The second horizon necessary to determine SMF is the previous summer surface. The assignment of the 2015 summer horizon is possible for both radar frequencies over the entire observation period (Fig. 2, white line). We chose to refer to the 600 MHz data (Fig. 2b), since both the surface reflection and the summer 2015 horizon are more predominant and persistent for this antenna configuration. It is possible that either the data processing or slightly different environmental conditions influenced radar acquisitions with the consequence that peaks in amplitude shifted by ±1 sample. During dry snow periods when no compaction of the layer between the reference horizon and the summer 2015 horizon (L15,x) was identifiable, we used the most frequently occurring TWT for both horizons to minimize effects of shifted peaks. To calculate the mass changes (b15) occurring within the snow layer above the previous summer surface (L15), we had to determine the mass flux (F15,x) into L15,x due to percolating melt water. To solve for b15, we simply subtracted b15,x together with the seasonal mass flux from the mass balance of the reference layer:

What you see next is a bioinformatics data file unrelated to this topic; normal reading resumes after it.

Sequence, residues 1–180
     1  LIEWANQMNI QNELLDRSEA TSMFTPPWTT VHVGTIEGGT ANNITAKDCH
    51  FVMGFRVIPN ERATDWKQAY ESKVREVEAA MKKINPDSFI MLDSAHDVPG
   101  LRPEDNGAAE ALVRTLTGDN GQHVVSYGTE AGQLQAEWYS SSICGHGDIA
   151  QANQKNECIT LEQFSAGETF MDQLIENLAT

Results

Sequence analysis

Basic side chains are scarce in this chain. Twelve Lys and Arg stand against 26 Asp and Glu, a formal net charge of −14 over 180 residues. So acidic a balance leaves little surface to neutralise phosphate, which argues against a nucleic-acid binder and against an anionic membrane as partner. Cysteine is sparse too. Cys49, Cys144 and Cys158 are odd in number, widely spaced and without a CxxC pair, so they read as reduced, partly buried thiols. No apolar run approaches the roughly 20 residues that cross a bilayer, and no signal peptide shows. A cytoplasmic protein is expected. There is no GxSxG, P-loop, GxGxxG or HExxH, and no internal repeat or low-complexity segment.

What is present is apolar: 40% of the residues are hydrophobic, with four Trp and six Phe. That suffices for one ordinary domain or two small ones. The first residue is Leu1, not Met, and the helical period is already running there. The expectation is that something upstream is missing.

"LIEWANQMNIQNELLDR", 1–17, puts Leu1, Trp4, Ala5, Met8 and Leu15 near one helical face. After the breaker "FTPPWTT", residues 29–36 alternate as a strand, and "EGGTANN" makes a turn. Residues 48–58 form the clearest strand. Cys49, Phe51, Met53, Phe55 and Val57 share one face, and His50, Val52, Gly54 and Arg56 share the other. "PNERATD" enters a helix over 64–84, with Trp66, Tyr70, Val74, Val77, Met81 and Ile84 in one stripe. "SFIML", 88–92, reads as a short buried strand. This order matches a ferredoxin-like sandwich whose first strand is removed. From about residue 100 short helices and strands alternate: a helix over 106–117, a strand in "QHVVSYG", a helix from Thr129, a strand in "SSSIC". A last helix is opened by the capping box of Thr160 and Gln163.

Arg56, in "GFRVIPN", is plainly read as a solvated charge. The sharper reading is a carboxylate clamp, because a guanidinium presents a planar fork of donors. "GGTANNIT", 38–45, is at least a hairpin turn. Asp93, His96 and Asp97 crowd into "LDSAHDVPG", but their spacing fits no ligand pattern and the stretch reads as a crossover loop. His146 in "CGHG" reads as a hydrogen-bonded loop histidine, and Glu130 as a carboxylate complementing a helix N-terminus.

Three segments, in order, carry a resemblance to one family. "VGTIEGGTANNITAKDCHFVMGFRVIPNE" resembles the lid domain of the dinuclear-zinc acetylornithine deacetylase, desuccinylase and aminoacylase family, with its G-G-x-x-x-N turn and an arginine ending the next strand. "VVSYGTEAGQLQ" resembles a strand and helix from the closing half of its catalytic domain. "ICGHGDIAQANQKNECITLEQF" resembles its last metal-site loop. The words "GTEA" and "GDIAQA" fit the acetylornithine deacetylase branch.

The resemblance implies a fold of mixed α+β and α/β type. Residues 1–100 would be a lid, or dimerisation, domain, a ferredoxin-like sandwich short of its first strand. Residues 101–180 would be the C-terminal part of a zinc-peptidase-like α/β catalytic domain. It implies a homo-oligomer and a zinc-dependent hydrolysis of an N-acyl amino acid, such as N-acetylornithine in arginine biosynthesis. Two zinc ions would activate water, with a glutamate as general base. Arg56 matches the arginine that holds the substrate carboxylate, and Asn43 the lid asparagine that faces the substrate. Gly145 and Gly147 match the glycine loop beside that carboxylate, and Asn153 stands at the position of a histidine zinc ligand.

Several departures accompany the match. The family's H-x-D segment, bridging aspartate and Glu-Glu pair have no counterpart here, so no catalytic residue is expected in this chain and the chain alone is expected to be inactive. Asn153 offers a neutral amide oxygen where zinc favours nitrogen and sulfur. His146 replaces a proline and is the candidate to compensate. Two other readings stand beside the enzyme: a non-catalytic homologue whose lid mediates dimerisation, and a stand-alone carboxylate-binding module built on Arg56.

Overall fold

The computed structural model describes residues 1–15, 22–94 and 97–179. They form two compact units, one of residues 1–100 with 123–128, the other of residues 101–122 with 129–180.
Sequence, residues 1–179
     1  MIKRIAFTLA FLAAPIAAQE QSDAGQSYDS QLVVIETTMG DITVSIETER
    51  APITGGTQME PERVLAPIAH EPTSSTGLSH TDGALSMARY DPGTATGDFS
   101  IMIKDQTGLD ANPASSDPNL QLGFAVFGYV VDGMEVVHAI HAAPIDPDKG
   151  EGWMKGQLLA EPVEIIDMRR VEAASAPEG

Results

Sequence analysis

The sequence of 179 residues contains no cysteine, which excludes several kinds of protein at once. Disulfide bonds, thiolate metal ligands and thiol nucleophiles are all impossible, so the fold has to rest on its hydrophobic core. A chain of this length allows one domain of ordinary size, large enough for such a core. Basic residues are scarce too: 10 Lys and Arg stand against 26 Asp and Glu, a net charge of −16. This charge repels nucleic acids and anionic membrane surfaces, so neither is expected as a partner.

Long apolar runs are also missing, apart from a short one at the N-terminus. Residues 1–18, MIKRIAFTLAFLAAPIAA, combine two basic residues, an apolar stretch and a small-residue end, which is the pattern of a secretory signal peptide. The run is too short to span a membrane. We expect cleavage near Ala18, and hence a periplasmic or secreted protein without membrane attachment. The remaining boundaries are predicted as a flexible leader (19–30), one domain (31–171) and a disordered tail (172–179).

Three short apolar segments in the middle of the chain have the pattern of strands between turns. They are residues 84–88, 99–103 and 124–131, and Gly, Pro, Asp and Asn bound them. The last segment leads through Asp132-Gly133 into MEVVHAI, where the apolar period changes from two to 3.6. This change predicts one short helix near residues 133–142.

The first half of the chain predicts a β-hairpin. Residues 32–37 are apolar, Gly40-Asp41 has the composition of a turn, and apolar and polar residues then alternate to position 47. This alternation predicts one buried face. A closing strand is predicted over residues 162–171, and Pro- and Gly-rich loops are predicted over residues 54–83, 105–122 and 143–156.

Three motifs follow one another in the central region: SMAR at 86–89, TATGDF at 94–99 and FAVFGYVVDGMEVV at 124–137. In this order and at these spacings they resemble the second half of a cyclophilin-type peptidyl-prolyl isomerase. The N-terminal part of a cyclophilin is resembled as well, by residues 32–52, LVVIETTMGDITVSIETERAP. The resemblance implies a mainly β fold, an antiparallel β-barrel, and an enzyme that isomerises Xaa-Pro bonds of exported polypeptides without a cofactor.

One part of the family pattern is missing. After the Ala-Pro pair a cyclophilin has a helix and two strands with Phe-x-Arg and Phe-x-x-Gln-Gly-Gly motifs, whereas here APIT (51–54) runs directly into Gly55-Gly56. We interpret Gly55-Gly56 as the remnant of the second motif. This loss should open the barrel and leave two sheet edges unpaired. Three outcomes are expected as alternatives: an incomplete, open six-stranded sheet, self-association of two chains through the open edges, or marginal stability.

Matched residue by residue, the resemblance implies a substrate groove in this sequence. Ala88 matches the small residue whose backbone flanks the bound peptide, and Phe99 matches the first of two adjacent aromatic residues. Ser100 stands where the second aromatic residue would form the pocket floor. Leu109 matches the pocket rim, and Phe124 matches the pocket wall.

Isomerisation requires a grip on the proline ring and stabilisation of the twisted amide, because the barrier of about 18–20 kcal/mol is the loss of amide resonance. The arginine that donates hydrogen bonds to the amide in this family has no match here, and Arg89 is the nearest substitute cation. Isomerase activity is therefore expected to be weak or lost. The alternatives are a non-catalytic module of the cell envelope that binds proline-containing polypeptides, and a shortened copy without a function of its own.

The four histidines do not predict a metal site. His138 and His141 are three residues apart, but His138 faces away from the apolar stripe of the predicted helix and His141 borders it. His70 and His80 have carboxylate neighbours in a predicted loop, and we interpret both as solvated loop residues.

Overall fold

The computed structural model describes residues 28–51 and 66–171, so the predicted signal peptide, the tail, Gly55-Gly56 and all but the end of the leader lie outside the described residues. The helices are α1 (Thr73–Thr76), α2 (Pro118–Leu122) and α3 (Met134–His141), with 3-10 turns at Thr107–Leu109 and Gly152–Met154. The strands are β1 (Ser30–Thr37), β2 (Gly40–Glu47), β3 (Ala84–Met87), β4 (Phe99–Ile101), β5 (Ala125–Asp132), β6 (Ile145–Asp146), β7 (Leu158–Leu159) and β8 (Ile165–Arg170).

in Eq. (5) was simply determined using the recorded core data. We assumed that remained constant over the entire observation period. It is certainly questionable whether this assumption is reasonable as will be discussed later. However, from measured TWT and , we could then calculate ρ15,x during periods with dry firn. The third term in Eq. (5), F15,x corresponds to the gravitational liquid water content of L15,x, which can easily be converted from θw if the imaged radar volume is known. We used the same approach as described by Heilig et al. (2015). To assess the imaged radar volume for this layer, we applied the known radiation characteristics of the radar system. Refraction occurring at density transitions was neglected, since permittivity differences are small and consequently refraction ineffectual. However, for each event with percolating water reaching L15,x, the three phase mixing formula is underdetermined (Heilig et al., 2015). Hence, to solve for θw, we used the same assumption as Heilig et al. (2015) that θi remains constant after initial percolation into L15,x. This precondition will be discussed in the following as well.